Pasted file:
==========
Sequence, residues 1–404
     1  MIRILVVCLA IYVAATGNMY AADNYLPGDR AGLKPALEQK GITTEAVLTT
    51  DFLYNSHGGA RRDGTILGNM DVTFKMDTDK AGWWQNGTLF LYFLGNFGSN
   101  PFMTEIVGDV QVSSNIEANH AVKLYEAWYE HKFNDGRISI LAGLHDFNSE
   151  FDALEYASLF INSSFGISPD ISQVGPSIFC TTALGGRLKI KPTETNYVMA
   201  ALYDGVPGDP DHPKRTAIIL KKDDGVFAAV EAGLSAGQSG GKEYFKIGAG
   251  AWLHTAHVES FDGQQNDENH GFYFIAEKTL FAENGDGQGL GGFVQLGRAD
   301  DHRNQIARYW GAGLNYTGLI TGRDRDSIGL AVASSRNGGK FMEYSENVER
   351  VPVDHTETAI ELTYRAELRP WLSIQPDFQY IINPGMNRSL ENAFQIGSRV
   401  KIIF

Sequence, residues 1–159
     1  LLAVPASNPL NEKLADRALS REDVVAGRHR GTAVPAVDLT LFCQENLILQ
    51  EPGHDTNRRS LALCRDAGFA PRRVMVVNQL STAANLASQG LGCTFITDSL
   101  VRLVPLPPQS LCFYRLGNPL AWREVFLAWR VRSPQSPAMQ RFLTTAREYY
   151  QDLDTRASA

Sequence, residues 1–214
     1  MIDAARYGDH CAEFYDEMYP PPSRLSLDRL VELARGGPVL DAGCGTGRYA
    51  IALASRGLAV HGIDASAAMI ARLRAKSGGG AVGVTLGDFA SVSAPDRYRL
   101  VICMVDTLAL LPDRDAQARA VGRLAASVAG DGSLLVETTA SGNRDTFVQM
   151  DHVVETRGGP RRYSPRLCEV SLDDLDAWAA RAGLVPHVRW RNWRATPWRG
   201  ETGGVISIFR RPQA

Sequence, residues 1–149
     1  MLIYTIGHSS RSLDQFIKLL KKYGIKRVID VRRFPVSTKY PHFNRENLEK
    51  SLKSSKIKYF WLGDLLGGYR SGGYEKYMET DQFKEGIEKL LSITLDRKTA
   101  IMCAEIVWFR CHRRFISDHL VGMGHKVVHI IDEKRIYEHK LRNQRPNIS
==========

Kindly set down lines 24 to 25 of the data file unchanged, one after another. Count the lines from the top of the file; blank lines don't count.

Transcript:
    51  SLKSSKIKYF WLGDLLGGYR SGGYEKYMET DQFKEGIEKL LSITLDRKTA
   101  IMCAEIVWFR CHRRFISDHL VGMGHKVVHI IDEKRIYEHK LRNQRPNIS